Kathy McGarrigle has embraced being a trail blazer for girls hockey in the West. The American Hockey Coaches Association (AHCA) took note.
This week the founder and director of coaches of the Anaheim Lady Ducks received the Joe Burke Award, which honors those individuals who have shown great support and dedication to girls and women’s hockey.
The award was established in 1994, and its namesake was an avid fan of girls and women’s hockey in New England for more than 40 years until his passing in 2017.
“For them to notice someone out West was pretty cool,” McGarrigle said. “They put some thought into it, and that means a lot.”
To say McGarrigle has meant a lot to girls and women’s hockey in California is an understatement. Not only did she lead the charge to begin the Lady Ducks in 1999, but she has continued to coach hockey every season since, primarily focusing on younger age groups.
Building that foundation has helped the LDs grow to 13 travel teams plus two women’s teams. The program has earned eight medals at the USA Hockey Nationals, including two golds and two silvers.
Additionally, the Lady Ducks have helped more than 130 girls advance to NCAA Division I, D III and ACHA club hockey levels.
“She’s put in a lot of work over the past 20-plus years to grow girls hockey, not just in California but across the West,” said Art Trottier, Jr. Ducks president and vice president of The Rinks. “We’ve always embraced girls hockey, and it’s really nice to see her recognized.
“She does a lot behind the scenes that few people know about. Plus, she works full-time and coaches several teams.”
McGarrigle has been a teacher for 30 years and a hockey coach for 23 years. The amount of LDs who have continued their hockey careers in college is one thing she’s proud of, but not the only thing.
“It’s easy to talk about so many girls playing college hockey,” she said. “But they get so much out of the sport that helps them from the time they’re young athletes through when they move into whatever career they end up in.”
The Lady Ducks have been home to California’s premier AAA program for years, but they also field successful AA teams, and there now are four girls Learn to Play programs that count more than 100 participants.
“It’s not only Tier I hockey, we offer something for all girls to pursue hockey to whatever degree they want,” McGarrigle said. “Not every girl is going to be an Olympian.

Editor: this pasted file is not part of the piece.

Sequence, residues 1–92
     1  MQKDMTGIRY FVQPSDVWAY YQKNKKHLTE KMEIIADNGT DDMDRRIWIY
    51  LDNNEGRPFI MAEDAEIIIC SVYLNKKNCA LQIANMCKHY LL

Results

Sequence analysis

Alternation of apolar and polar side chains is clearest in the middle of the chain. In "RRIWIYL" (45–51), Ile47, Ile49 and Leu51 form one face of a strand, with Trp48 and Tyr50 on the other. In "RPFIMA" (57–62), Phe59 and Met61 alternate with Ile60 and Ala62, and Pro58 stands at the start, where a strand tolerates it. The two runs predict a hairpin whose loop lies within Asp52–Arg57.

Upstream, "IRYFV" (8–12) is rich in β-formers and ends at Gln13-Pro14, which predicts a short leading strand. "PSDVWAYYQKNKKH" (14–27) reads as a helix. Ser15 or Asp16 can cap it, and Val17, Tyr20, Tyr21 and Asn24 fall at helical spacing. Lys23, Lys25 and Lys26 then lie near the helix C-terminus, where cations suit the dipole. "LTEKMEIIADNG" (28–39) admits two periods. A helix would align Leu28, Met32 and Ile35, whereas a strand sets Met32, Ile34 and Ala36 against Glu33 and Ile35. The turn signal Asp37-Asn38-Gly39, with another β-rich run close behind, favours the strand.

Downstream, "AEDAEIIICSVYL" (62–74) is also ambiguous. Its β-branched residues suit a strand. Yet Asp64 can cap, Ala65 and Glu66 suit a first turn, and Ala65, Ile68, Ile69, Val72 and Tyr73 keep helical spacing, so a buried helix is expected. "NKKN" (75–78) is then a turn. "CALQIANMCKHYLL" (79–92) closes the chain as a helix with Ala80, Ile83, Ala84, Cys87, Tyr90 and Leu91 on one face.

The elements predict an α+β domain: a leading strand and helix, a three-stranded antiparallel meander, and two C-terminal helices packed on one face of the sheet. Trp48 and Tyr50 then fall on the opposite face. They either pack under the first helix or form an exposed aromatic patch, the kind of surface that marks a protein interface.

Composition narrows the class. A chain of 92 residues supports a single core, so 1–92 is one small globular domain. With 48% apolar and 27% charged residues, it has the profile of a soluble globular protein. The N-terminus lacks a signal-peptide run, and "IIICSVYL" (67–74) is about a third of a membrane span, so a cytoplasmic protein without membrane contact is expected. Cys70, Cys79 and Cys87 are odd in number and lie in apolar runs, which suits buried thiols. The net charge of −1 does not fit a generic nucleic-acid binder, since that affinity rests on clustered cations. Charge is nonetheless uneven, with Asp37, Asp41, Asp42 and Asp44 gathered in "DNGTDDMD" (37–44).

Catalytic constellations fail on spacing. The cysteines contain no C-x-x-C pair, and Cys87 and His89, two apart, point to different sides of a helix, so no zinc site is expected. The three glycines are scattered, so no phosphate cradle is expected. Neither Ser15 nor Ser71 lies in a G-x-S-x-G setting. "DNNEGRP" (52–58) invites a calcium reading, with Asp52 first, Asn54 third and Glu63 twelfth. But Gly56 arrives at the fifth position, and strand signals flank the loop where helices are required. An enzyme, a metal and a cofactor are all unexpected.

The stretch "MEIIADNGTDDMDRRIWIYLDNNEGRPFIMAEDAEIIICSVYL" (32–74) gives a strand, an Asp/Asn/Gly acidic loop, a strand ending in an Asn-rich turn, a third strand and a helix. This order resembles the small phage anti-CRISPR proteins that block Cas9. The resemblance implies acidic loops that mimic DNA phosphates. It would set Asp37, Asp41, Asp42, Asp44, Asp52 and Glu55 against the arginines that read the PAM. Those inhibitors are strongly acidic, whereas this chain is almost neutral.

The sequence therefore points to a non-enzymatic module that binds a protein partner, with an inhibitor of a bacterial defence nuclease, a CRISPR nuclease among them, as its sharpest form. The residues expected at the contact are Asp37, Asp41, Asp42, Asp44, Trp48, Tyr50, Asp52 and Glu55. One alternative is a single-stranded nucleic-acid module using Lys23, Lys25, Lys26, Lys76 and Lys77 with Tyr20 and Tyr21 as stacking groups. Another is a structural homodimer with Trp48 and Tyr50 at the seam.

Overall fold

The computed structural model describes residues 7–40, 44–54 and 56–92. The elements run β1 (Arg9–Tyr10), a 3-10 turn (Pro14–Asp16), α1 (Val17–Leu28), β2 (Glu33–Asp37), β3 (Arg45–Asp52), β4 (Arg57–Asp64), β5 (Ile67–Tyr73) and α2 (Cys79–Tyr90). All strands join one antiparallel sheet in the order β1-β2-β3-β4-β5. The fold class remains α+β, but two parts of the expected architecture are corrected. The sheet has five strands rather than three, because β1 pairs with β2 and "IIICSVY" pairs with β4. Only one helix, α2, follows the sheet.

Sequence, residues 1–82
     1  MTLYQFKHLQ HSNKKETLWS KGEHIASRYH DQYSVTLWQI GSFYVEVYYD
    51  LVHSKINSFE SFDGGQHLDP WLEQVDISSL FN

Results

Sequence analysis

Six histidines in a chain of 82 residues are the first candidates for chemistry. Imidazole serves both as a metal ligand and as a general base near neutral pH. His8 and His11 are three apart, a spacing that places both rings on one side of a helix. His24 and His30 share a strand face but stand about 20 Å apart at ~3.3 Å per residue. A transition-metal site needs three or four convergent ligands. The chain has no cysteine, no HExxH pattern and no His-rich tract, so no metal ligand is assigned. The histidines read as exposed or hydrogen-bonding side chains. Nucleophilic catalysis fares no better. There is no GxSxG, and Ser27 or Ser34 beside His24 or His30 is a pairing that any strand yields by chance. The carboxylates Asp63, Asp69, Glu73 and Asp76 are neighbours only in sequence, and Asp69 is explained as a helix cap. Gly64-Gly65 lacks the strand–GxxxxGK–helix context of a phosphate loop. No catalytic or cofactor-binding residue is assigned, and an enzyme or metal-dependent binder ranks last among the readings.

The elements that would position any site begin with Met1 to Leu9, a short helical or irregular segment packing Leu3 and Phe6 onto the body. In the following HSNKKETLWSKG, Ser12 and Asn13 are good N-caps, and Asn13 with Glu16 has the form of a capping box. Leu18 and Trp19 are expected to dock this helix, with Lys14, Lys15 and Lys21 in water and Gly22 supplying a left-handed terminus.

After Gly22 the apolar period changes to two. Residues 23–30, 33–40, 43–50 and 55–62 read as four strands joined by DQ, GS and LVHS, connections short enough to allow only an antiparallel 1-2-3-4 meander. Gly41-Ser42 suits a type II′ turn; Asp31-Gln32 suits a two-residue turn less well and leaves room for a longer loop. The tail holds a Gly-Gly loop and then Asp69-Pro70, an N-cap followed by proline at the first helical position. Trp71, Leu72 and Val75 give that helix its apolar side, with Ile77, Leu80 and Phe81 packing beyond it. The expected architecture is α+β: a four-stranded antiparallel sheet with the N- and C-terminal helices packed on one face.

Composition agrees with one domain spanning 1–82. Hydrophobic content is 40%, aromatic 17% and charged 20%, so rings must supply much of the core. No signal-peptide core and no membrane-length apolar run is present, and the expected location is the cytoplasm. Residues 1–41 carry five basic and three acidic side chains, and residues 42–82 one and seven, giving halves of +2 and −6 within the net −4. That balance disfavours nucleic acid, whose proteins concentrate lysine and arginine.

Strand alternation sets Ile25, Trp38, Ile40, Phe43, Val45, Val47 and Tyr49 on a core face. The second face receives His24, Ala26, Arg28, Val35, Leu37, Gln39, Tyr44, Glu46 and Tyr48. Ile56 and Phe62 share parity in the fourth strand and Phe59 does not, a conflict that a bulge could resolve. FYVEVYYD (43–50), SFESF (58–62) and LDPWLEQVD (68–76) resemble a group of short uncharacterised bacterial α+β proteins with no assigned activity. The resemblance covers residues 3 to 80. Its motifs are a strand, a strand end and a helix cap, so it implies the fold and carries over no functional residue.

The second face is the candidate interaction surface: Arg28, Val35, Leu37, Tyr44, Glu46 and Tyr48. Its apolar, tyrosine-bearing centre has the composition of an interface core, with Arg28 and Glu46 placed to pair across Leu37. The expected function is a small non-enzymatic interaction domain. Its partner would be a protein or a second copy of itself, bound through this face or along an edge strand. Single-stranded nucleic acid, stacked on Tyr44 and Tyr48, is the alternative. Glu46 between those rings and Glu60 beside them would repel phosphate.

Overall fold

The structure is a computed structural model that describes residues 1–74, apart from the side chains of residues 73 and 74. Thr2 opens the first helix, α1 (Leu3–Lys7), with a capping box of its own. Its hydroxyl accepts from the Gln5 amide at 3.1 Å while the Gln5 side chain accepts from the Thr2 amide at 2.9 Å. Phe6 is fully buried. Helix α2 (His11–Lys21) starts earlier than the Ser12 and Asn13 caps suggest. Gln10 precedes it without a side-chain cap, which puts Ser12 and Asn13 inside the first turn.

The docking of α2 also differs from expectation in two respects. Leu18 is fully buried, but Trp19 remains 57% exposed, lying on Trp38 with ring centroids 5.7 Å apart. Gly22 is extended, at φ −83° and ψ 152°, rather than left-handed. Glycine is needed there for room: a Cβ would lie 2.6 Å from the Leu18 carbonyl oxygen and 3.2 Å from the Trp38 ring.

“Because of our program and others like it, they have the opportunity to keep on playing – whether at Division I, D III or ACHA.”
There has been a trickle down effect on the sport as a whole because of the Lady Ducks’ growth and success. It shouldn’t come as a surprise that the LDs, as well as the Jr. Ducks and The Rinks’ in-house program all are USA Hockey Model Associations.
The sport’s governing body in America has taken note in other ways, too.
“Her work with the Lady Ducks is a big reason why we had the Tier I girls Nationals at Great Park Ice last April,” Trottier said, adding the complex will host Tier I boys Nationals this spring and the Tier II Nationals in 2021.
If girls hockey can grow in California as it has, that sends a positive message to other markets, particularly non-traditional ones.
“It’s like throwing a stone into a pond, the effort reverberates across the water,” McGarrigle said. “Maybe an A team starts somewhere because they have a group of girls who want to play.”
McGarrigle lettered in four sports, earned CIF honors and was a National Merit Scholar. That led to playing tennis at USC and competing in the NCAA championships. In addition to her undergraduate degree in Journalism and her California Teaching Credential, she has a Masters in Kinesiology and Sport History from Cal Poly.
It all comes back to creating opportunities for girls to play. Being recognized for that from afar means even more, McGarrigle said.
“It’s really gratifying to be considered by people I didn’t know well,” she said. “Somebody was watching.”